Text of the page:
Class%20#6%20461%20NDFI%20IB%20Fin%20Co0

Class%20#6%20461%20NDFI%20IB%20Fin%20Co0 - Non Deposit...

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Non Deposit Financial Intermediaries Investment banks Finance companies
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2 Current Events Presentations TODAY: Kati Ko and Ksenija Starovoita TUESDAY: Meiling Liu Assignment: Text, Chapters 1, 2, 21 and Appendices 2B and 7A (pp. 1-2)
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3 Class Outline 1. Investment banks and securities firms Securities firm and investment banking activities 1999 Gramm-Leach-Bliley Act; IB evolution Citigroup as an experiment 1. Finance companies 2. NDFIs vs. DFIs and the future
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4 1. Investment banks and securities firms Some investment banks (IB) still exist as separate companies, but many have disappeared or evolved ; about a dozen boutique IB firms remain. We still have brokerage (securities) firms. Some IBs failed (Lehman Brothers) Some IBs were acquired (Bear Stearns, Merrill Lynch) Some IBs became bank holding companies (Goldman Sachs, Morgan Stanley)
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5 Securities (brokerage) firms Engage in brokerage activities (stocks and bonds) Examples are UBS Securities, Edward Jones, Raymond James; some are subsidiaries of bigger financial firms (FHCs) Compete with cheaper online brokers today SIPC —Securities Investor Protection Corporation —protects investors against losses of up to $500,000 caused by the failure of a securities firm . Member firms pay premiums to SIPC; does not insure against declines in prices of securities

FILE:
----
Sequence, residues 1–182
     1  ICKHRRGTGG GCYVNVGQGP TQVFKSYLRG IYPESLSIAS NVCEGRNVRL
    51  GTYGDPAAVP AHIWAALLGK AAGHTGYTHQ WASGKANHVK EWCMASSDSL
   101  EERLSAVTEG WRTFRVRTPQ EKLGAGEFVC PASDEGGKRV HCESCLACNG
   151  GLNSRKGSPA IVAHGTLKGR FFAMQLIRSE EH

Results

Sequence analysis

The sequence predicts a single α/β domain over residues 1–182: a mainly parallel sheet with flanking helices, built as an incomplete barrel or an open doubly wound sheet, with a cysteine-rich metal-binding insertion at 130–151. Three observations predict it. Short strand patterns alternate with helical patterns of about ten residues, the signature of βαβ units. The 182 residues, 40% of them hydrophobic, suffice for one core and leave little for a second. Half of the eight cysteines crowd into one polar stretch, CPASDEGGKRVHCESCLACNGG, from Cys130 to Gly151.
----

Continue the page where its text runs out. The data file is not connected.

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6 SIPC Member firms (5,200) paid a flat fee of $150 per firm from 1995 to 2008 to keep the fund above its target minimum of $1 billion . Payouts for some investors who suffered losses with Bernie Madoff’s firm is bringing the fund from $1.7 down to $1.0 billion or lower. SIPC is proposing a fee of 0.25% of net operating revenue . Many firms are complaining about the assessment.
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7 Investment banking Investment banking functions continue to be performed, but there are no large, stand-alone investment banks remaining in business. These IB functions include: Underwriting securities issues Trading activities for own account Dealer activities Asset management for clients Syndicated lending Brokerage activities
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8 IB and CB connection— Glass- Steagall Investment banking underwriting activities were required to be legally separated from commercial banking activities by the Glass- Steagall Act of 1933. In 1933, many commercial banks failed; some thought the riskier investment banking activities that some of these firms performed were contributing to the commercial bank failures GS Act required separation of the two—especially for underwriting private securities; cannot perform both sets of activities in one company This separation was recently undone
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This note was uploaded on 10/28/2011 for the course FIN 461 taught by Professor Morgan during the Fall '11 term at University of Illinois at Urbana–Champaign.

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Class%20#6%20461%20NDFI%20IB%20Fin%20Co0 - Non Deposit...

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